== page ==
Egyptian Eye Of Ra

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Egyptian Eye Of Ra

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Egyptian Eye Of Ra

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The ancient Egyptian eye is a very important protection symbol that has many myths and legends. It is associated with two powerful sun-gods, the god Ra and the god Horus, whom each have myths that revolve around their eyes.

But the Egyptian eye is not limited to these two gods. In fact, many deities are associated with it. The eyes are linked to either the sun or moon, with the left eye usually being the lunar one and the right eye being the solar one.

Also, each eye is associated with certain deities. For example, the lunar eye is associated with the god Thoth and the god Horus. This independence of the eyes is wonderfully illustrated by a few myths, especially those related to the god Ra….

In one version of the creation myth of Heliopolis, the god Ra had only one eye at first. But then Nun, the deity that represents the primordial waters from which the god Ra arose, bestowed Ra a second eye.

This made the first eye angry and put Ra in a difficult position. He had to cajole them in order to keep them both happy, dividing their duties.

The lunar eye became associated with Tefnut, daughter of Ra. To read more about this myth, check out my page on the goddess Tefnut.

The eye of Ra has been associated with many goddesses, and in each case will take on a specific quality.

For example in its protective role, which is prone to turn into aggression and destruction, the eye is associated with the goddesses Hathor, Sekhmet, Tefnut and Wadjet.

A very interesting myth showcasing this protective-aggressive tendency is told on my page The Eye of Ra and the Destruction of Mankind. You might be wondering why the Egyptian eye is always part of a god, like Ra, but then when acting independently it is associated with a goddess.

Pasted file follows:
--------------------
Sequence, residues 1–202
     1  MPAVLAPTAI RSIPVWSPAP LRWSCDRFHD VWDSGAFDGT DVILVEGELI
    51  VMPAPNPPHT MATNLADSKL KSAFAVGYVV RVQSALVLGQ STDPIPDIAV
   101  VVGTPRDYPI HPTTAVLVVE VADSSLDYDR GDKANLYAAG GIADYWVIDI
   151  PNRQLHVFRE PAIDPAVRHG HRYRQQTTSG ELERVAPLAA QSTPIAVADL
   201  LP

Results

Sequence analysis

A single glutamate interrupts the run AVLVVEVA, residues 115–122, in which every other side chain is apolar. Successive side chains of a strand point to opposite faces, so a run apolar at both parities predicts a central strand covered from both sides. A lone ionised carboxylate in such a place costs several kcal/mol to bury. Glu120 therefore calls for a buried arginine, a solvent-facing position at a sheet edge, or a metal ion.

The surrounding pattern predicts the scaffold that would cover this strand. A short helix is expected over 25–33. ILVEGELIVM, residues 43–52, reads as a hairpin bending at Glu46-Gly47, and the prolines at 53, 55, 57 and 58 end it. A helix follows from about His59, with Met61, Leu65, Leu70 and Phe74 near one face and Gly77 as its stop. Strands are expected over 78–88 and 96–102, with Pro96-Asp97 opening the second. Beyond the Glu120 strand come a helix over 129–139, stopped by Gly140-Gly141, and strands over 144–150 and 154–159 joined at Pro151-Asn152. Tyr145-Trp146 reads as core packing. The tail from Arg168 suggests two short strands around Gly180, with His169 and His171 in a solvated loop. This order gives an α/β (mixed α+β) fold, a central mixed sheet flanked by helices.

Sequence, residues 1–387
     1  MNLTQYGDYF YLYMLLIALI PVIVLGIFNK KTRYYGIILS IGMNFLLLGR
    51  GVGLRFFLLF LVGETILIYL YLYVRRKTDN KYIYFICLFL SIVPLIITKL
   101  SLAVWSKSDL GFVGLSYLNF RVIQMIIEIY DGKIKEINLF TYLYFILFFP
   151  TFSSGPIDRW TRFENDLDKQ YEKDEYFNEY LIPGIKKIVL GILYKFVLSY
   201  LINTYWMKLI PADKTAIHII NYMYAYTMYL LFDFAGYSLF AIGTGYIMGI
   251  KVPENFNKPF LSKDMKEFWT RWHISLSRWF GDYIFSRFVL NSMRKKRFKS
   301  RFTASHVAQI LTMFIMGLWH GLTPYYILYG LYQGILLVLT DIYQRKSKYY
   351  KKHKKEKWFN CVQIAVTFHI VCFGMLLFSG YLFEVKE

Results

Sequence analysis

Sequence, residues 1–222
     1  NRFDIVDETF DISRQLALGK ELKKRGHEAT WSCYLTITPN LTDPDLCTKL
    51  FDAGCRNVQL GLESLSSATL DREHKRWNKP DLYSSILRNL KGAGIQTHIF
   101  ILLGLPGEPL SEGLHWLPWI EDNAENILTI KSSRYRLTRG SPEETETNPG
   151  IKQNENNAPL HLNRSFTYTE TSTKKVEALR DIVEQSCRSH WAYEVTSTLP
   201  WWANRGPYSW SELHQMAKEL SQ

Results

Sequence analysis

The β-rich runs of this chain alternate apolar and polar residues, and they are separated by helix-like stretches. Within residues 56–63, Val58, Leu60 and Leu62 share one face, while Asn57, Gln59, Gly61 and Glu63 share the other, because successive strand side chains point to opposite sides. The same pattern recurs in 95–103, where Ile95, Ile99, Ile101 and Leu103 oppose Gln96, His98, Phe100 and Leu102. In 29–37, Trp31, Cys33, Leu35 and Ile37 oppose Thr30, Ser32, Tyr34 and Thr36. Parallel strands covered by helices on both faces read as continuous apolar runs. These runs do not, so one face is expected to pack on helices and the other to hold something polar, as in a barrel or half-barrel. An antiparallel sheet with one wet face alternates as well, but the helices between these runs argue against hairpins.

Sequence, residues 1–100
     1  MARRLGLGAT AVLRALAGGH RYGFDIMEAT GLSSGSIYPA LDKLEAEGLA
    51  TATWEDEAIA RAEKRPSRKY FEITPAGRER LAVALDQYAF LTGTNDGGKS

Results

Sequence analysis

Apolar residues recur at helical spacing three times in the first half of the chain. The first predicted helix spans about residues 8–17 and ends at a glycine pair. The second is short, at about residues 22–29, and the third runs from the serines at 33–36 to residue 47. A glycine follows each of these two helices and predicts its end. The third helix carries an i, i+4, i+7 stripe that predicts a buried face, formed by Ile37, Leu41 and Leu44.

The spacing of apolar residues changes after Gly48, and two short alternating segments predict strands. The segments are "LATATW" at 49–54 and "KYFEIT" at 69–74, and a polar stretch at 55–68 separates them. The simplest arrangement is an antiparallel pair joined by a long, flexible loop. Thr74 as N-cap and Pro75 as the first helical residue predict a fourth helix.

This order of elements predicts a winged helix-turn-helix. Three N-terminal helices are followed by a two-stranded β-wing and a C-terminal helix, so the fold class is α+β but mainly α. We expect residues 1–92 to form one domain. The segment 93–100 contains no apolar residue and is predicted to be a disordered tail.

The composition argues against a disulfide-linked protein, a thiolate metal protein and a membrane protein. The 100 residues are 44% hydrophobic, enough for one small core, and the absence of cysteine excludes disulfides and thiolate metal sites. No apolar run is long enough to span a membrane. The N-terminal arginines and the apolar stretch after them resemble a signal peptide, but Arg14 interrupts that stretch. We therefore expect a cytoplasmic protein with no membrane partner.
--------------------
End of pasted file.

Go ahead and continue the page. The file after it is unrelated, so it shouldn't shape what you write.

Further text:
Some have hypothesized, and I agree with their theories, that the protective-aggressive qualities that keep coming up in these myths are the way the ancient Egyptians viewed the divine feminine, and this perhaps comes from the way they observed female animals becoming very aggressive when they were protecting their young.

Lionesses and cats in particular, hence the way the Egyptian eye takes on feline forms in these myths.

The Egyptian eye has other qualities and roles. As the solar eye, it is a source of heat, light and fire. The lunar eye is associated with the god Horus, but how it became his is another interesting myth.

As a skilled magic practitioner and powerful goddess in her own right, she devised a plan to have him transfer some of his powers to her by telling her his secret name.

The secret name was the most potent and powerful name that a deity or mortal could have, and in order to keep these powers, the name had to remain secret.

In fact, the secret name was so important that it made up part of the anatomy of the ancient Egyptian soul. Take a look at my video below to find out more:.

So Isis waited for the opportunity to trick Ra into giving her his secret name. After aeons of traveling the skies every day, he had grown old and tired, and one day a little bit of his spit dribbled down the corner of his mouth and fell onto the earth.

Isis took this spit and mixed it with some earth and molded it into the shape of a cobra, which came to life.

Though a god was usually immune to mortal dangers, since this snake was made from his own spit, its poison could penetrate his being and harm him.

She hid the cobra on his daily path. When Ra was bitten and the poison made its way through his body, he was in severe pain and cried out for help.

None of the other deities could help, but Isis offered to relieve him if he told her his secret name. After negotiating the terms, Ra agreed to give Horus, the son of Isis, his eyes.

Of course, this myth was not the exclusive explanation for how the Egyptian eye went from being the Eye of Ra to the Eye of Horus.